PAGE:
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London's 'ludicrous' parakeet problem
Rose-ringed parakeets have proliferated and become a nuisance in the suburbs around England's capital in recent years. A guide to the bird boom
Rose-ringed parakeets are taking over Britain, with more than 30,000 now living in the country, versus their native India, up from just 1,500 in 1995.
Rose-ringed parakeets are taking over Britain, with more than 30,000 now living in the country, versus their native India, up from just 1,500 in 1995.
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ondon's suburbs are being besieged by thousands of rose-ringed parakeets. The once-exotic birds, native to India and Africa, have relocated to England in droves and have emerged as a nuisance to many residents — and a potential threat to British crops. Here, a guide to London's parakeet problem:

What type of parakeets are we talking about?
Rose-ringed parakeets are bright green with pink beaks and "voluble personalities that have long made the tropical species a popular household pet," says Elisabeth Rosenthal in The New York Times. The birds are a hardy breed, "able to withstand extreme temperatures, from hot summers to harsh winters," says Laura Holt at The Green. They're also "very adaptable in what they eat — dining out on fruit trees, orchards, and bird tables — and they aren't vulnerable to many diseases."

How many of the parakeets are in Britain now?
More than 30,000 in southeast Britain alone, up from 1,500 in 1995. To get a better count and learn more about the bird population, researchers at Imperial College in London set up what they call "Project Parakeet" and asked volunteer bird-watchers to count birds in various spots.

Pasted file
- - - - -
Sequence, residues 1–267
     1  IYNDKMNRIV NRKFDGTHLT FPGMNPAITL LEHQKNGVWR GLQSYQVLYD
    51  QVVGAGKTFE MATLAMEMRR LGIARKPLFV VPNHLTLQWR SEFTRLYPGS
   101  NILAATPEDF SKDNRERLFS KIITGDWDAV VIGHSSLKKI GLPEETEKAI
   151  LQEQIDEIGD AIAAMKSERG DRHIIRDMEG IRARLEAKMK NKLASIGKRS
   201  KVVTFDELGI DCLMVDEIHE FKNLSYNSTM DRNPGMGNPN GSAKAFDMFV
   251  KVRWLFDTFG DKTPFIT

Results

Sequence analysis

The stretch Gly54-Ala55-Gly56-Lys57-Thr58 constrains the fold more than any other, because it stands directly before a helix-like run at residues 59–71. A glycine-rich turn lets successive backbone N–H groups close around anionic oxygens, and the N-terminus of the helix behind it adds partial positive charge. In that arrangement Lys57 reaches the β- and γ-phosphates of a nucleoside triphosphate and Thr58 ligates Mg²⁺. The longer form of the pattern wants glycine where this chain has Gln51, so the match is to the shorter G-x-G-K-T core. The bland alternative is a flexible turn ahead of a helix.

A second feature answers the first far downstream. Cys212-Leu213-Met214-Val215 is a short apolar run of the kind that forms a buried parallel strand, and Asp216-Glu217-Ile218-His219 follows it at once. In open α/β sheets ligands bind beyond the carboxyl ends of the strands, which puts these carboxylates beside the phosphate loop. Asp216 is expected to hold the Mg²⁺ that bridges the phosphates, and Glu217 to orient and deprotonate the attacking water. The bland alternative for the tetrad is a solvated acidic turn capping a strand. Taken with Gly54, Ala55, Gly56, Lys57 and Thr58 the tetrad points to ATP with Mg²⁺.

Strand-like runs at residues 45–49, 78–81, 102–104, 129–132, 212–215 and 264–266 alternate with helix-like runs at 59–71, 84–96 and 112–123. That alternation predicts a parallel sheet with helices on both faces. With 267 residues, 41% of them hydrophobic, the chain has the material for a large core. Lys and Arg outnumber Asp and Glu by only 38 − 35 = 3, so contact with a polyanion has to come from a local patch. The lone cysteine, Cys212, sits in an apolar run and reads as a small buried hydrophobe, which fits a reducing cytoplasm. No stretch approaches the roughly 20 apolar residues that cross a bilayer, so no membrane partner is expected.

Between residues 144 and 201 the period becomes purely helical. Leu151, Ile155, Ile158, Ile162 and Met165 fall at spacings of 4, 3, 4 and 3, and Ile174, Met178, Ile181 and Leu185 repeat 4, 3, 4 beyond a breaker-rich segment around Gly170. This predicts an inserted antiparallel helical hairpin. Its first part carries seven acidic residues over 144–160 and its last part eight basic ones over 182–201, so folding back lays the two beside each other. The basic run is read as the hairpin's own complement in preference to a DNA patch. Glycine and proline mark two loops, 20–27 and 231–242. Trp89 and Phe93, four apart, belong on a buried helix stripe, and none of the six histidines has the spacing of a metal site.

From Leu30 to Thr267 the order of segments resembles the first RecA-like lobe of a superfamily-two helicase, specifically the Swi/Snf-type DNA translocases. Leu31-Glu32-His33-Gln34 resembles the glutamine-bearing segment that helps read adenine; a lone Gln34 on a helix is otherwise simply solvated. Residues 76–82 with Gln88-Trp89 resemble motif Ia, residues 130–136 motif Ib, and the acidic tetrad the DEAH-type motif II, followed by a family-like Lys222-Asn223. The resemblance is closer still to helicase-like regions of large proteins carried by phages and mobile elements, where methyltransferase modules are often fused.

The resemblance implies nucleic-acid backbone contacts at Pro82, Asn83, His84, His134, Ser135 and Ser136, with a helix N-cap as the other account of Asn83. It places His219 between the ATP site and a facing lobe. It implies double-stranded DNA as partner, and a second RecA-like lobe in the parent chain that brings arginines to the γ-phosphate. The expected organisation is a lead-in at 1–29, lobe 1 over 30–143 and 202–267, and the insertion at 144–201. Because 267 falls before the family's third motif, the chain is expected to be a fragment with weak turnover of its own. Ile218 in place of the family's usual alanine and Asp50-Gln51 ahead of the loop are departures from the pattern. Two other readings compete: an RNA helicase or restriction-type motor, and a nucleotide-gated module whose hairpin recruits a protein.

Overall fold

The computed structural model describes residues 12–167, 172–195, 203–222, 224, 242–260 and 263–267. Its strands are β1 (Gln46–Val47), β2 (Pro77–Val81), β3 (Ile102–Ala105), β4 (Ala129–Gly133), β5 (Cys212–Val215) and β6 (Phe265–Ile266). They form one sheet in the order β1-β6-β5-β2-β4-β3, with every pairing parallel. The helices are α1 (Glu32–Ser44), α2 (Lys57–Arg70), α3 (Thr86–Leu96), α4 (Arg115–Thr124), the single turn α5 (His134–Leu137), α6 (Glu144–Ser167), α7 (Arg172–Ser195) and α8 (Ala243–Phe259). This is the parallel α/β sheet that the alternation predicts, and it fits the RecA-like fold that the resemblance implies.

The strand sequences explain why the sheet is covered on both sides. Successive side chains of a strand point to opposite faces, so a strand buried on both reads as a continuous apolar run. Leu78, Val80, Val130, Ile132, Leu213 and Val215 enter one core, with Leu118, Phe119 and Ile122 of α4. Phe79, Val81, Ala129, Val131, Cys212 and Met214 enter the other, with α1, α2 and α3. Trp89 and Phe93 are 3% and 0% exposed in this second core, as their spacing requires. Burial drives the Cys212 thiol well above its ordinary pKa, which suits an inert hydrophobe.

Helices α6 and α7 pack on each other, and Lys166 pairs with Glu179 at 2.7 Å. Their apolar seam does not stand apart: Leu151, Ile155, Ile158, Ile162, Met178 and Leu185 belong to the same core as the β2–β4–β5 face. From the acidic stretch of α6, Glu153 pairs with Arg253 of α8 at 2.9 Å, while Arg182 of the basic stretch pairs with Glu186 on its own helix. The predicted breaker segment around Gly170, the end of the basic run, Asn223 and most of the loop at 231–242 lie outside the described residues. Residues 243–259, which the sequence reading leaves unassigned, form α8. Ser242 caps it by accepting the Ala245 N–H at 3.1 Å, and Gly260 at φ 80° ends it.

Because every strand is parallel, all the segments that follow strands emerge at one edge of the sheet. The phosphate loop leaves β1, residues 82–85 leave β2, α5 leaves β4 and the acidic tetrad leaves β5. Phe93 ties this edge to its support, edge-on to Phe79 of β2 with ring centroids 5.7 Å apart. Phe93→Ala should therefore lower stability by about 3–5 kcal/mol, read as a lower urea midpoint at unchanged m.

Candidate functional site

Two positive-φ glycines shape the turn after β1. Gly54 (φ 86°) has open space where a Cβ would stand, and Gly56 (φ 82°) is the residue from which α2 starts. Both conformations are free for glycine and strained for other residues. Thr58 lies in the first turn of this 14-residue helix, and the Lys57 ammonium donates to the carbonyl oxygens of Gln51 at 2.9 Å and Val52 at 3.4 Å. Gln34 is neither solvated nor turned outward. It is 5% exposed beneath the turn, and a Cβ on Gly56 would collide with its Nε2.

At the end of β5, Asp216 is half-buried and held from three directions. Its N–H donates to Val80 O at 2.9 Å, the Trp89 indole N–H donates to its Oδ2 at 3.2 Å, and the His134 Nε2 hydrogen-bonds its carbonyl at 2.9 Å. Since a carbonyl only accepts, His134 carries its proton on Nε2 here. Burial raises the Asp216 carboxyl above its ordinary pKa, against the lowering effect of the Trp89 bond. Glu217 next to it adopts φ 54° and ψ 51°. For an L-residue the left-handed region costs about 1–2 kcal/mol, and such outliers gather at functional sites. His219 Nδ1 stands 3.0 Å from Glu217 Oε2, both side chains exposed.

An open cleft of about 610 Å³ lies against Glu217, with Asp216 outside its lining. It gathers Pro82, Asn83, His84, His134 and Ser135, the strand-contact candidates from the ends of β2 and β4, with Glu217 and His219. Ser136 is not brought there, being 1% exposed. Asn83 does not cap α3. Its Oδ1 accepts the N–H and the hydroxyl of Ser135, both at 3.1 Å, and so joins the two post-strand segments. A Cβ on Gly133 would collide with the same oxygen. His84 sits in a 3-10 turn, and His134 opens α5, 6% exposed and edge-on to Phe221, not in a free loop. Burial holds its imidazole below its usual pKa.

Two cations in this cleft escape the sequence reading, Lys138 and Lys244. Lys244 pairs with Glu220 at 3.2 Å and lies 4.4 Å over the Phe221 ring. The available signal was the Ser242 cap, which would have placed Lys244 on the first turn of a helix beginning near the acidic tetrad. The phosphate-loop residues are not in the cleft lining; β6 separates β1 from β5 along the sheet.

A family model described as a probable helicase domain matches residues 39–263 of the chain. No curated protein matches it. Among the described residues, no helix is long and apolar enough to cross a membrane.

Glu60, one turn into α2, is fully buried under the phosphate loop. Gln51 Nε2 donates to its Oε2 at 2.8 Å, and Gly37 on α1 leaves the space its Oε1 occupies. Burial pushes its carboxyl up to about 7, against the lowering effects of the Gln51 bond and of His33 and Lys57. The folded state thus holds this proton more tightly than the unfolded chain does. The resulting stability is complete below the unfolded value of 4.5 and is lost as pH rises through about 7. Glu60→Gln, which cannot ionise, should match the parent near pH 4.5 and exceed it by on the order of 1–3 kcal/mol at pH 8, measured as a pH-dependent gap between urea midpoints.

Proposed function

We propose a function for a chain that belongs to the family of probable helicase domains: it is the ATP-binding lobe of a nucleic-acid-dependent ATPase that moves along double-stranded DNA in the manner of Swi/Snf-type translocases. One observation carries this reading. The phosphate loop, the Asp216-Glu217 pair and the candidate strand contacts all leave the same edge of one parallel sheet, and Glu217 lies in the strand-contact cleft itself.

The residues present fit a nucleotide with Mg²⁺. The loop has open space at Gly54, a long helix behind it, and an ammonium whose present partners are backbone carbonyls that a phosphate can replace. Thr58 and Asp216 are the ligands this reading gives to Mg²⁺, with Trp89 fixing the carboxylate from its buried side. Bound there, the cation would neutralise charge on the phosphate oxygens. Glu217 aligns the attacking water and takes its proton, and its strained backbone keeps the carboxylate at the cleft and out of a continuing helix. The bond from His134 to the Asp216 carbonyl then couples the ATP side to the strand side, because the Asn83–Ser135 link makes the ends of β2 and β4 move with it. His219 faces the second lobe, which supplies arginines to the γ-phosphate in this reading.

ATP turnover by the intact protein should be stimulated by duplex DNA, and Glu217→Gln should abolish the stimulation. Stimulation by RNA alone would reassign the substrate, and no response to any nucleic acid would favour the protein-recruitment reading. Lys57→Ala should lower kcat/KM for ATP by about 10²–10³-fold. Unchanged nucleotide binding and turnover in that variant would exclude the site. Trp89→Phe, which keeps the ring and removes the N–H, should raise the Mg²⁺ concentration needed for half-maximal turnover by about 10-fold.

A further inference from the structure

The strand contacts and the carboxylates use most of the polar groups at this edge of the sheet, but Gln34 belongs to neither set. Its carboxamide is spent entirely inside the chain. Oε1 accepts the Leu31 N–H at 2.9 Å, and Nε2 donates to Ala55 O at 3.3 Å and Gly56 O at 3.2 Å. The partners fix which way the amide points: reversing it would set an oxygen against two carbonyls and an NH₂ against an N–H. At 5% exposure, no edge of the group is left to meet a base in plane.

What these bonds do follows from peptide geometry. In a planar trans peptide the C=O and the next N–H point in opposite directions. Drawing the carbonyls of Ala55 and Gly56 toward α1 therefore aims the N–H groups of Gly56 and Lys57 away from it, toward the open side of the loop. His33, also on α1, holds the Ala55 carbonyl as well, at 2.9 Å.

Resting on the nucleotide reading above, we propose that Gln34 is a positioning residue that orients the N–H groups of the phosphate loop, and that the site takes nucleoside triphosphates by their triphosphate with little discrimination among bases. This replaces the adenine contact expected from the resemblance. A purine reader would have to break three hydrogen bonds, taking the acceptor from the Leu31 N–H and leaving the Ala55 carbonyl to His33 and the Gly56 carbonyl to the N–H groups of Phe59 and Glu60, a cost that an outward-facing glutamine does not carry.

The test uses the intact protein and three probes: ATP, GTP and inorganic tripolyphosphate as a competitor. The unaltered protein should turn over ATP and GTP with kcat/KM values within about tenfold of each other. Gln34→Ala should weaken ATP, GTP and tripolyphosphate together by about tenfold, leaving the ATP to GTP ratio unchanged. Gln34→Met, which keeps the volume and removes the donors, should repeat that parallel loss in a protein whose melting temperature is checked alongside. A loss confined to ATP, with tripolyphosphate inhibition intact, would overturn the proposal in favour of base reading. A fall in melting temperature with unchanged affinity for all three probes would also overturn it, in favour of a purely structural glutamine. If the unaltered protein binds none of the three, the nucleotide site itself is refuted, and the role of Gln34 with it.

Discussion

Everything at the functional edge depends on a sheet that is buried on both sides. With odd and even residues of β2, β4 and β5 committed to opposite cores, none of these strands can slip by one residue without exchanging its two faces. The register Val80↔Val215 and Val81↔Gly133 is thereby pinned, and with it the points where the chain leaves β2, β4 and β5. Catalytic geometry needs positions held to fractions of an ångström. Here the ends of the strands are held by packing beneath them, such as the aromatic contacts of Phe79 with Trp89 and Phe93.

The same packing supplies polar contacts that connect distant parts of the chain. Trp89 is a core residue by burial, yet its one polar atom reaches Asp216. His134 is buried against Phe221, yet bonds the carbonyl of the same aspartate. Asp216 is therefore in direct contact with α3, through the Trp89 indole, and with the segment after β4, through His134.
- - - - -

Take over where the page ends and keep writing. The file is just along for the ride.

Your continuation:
How did these "emerald invaders" get to England?
The theories abound. "Some say they escaped from a film set in Ealing. Others, that Jimi Hendrix released them on Carnaby Street in the Sixties. Or perhaps they broke free from an aviary during the storm of 1987?" says Holt at The Green. But the most likely explanation is the simplest one: The birds that started the current boom were pets that escaped or were released by their owners.

And why are they multiplying in such numbers?
Here, too, there are a number of theories, says Rosenthal in the Times. The parakeets are adaptable; the climate has been comfortable for them; gardeners may be planting more exotic plants, giving the parakeets more familiar food; or suburbanites may simply be putting up more feeders and offering more bird seed. There's also a "lack of predation," with only sparrowhawks — which prefer other meals — presenting a threat, says Holt. Two years ago, Natural England designated rose-ringed (also known as ring-necked) parakeets as pests, which meant they could be shot without a licence. The London Wildlife Trust complained this amounted to discrimination, as the exotic birds had become "as British as curry".

What kinds of problems are they causing?
They're noisy, for one thing. And they clean out bird feeders. "I was delighted when I first saw one in my yard, but when you have a flock of 300, it's a different matter," says retiree and volunteer bird counter Dick Hayden, as quoted in the Times. "They ate all the food from my feeder in one day; it was ludicrous. I had to stop putting it out because it got too expensive." They clean out berry bushes, and officials are watching to see if they ravage crops, as they have done in India, or force out other species of birds. So far, neither of those things has happened.

Sources: The Green, NY Times, Guardian, Treehugger

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